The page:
YouTube is GloriousYouTube is a glorious testament to the ability of creative, free people to produce an abundance of entertainment and education content. YouTube is huge, prosperous and still growing rapidly. And, YouTube enforces copyright. These facts are not unrelated. Libertarians understand that private property rights are an essential cornerstone of prosperity.
Incentive? Calculation? Abolishing Property is CruelSadly, history is replete with examples of tyrants abolishing property rights to producer goods, like farmland, with predictable, disastrous results: starvation. After all, why would a farmer do the hard work plowing, tilling, planting, watering, fertilizing, and harvesting if only to surrender the produce? This is, of course, the famous “incentive problem”, and it spells doom for the viability of socialism (unless we somehow engineer a “new socialist man”).
Moreover, as Mises explained, socialism suffers an even worse defect – the “calculation problem”. If there are no property rights in producer goods, then they cannot be bought and sold. If producer goods are not bought and sold, then there are no meaningful prices for them. Accounting thus becomes impossible. Society is left with no possible way to learn which products are actually serving the needs of consumers, and which are a tragic waste of scarce resources.
Respect For Property Generates ProsperityPost World War II Earth provided a convincing empirical study of libertarian property theory. Germany was divided into East and West, Korea divided into North and South, and Hong Kong was divided from mainland China. The relatively free market economies vastly out-performed the socialist economies. This did not surprise anyone familiar with Austrian economics.
Similarly, the extraordinary success of YouTube is not surprising either, because (in case I forgot to mention it) YouTube enforces copyright. “Copyright” is a property right in a producer good, such as a video or a song. The content producer first makes a risky, expensive capital investment creating the original. Then copies can be mass-produced and delivered to consumers cheaply.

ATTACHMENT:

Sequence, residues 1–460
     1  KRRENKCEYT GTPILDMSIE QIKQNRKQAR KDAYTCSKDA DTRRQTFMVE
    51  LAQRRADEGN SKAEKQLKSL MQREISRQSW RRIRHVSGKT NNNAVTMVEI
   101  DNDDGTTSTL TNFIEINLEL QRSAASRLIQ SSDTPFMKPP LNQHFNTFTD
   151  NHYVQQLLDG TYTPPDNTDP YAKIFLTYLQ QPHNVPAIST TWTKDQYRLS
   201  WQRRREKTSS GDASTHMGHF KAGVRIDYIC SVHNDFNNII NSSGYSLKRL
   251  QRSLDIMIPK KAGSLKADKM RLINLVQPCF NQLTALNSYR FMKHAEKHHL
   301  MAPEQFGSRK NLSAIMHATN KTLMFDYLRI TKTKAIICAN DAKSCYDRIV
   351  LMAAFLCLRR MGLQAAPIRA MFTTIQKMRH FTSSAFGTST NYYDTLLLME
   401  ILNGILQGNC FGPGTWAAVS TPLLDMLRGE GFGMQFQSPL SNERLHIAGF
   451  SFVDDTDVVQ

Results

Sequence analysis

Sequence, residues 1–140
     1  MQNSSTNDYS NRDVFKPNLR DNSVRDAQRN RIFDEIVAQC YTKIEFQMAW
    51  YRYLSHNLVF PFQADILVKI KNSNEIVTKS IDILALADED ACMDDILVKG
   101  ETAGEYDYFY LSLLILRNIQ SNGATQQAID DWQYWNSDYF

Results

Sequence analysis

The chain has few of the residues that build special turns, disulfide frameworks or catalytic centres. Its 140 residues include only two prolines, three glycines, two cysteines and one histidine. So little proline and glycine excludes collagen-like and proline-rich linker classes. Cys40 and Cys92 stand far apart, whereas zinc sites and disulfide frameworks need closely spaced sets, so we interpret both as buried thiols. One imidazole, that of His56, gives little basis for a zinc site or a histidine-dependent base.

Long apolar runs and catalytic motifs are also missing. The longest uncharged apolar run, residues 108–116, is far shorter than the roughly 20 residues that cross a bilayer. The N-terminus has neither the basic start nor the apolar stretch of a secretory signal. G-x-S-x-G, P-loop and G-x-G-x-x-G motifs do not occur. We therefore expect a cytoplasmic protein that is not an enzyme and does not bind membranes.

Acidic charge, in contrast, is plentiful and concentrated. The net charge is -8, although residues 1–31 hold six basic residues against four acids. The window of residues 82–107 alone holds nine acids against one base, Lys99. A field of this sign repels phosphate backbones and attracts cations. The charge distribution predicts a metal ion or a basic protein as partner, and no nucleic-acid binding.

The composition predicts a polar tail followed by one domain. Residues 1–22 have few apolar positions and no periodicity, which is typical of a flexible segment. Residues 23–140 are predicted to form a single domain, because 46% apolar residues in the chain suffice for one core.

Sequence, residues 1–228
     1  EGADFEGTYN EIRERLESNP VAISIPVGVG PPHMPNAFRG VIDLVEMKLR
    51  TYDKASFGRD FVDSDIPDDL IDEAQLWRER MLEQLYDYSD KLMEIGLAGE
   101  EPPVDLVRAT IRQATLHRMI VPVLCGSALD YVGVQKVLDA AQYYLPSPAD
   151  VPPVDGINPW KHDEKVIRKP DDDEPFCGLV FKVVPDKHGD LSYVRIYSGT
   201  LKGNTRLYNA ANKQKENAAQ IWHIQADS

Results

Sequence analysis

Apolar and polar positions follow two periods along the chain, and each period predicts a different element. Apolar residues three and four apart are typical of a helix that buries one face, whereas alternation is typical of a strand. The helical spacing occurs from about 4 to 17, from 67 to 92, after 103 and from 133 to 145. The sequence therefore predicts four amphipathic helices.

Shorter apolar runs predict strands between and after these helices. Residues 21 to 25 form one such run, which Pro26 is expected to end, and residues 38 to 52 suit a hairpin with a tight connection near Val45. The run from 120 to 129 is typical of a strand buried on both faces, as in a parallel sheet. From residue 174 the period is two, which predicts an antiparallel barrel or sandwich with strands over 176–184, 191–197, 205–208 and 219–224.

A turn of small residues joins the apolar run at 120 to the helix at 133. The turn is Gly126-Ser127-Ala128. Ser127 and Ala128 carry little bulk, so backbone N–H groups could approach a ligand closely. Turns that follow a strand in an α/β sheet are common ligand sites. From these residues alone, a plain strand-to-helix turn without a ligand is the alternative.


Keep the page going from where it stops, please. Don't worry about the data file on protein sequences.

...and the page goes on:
YouTube has adopted a business model essentially the same as broadcast television and radio. Copyright owners generate revenue by selling advertising, while viewers watch for free. It should be clear that copyright is an essential element in the viability of this model.
To get you to watch an advertisement on YouTube, you have to be interested in the video which follows. If you can watch the same video somewhere else without advertising, you probably will. So the copyright owner must have exclusive control over the distribution of the video. This is the very essence of what property means: property is the right to use, to control, and to exclude others.
YouTube without copyright would fail for the exact same two reasons that agriculture failed in Bangladesh, and manufacturing failed in North Korea: the incentive problem and the calculation problem.
Jeffrey Tucker, Libertarian IconAnd so it is with profound confusion that I read the YouTube-related passages of Jeffrey Tucker’s book “Liberty.Me – Freedom Is a Do-It-Yourself-Project”. Members of Liberty.me need no introduction to Mr. Tucker. But for anyone else who might be reading, and before I offer my criticism, let me briefly heap sincere praise.
Jeffrey Albert Tucker is an icon of libertarianism, having for years been the editorial vice president of the Ludwig von Mises Institute, and editor of Mises.org. He is currently the publisher of Laissez Faire Books, and CEO of Liberty.me. With signature bow tie and soft-spoken class and dignity, Jeffrey Tucker tirelessly advances the cause of freedom. I and all lovers of liberty owe a great debt of gratitude to Jeffrey Albert Tucker.
“Infringement Hysteria”In “Liberty.me”, Tucker shares my enthusiasm at the brilliant, relatively anarchic phenomenon that is YouTube. He acknowledges “property rights as an essential guardian of freedom.” (p.58)
But then Tucker dismisses YouTube’s decision, from its inception, to respect intangible property as a mere “presumption”. Tucker claims that “no one really benefited from [enforcing copyright]”, and that we endured a period of “infringement hysteria”. Says Tucker:
Clearly, the law had set up an untenable situation. It created a system too costly for everyone. It was unsustainable. But what would change it and how? This is where the creative forces of the market economy came to the rescue. (p.355)This is where Tucker plays fast and loose with facts and reason. He’s going to try to convince us that YouTube abandoned copyright in favor of “the creative forces of the market economy”, as if the market does not crucially require property. Or something. Let’s see.
Infringement is Trespass, YouTube Ads are RentGoogle bought YouTube in 2006. Whether “hysterical” or not, copyright owners had indeed already successfully prosecuted lawsuits (see e.g. RIAA v. Napster), and were threatening to enforce against YouTube. In response, YouTube developed an internal policy under which copyright owners can file disputes. Tucker explains: